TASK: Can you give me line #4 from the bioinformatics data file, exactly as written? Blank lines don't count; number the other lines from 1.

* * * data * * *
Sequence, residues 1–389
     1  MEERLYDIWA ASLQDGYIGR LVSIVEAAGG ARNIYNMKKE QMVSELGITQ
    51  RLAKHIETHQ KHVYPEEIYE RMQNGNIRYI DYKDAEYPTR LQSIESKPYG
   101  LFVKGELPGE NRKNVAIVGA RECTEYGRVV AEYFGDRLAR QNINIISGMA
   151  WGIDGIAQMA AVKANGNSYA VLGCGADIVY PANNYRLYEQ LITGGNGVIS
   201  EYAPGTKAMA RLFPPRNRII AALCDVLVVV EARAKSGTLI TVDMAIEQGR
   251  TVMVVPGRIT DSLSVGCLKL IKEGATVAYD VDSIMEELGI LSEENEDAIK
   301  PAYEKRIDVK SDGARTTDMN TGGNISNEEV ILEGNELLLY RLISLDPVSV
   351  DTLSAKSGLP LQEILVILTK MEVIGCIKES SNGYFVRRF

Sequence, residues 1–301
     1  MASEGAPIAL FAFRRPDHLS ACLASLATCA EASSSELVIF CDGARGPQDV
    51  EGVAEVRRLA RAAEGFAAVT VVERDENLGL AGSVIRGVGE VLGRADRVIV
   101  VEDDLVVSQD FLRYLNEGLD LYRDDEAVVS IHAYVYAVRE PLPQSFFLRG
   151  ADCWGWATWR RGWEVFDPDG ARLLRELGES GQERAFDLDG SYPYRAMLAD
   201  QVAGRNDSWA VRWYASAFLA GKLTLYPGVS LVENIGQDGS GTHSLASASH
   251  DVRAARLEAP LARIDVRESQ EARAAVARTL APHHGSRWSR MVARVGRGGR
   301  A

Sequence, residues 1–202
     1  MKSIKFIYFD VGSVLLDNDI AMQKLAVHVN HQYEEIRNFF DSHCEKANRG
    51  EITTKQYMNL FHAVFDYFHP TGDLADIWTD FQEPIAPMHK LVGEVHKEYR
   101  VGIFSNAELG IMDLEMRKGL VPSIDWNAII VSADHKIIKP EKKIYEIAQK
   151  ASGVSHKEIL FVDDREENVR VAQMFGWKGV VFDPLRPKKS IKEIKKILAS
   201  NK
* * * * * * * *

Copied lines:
   101  LFVKGELPGE NRKNVAIVGA RECTEYGRVV AEYFGDRLAR QNINIISGMA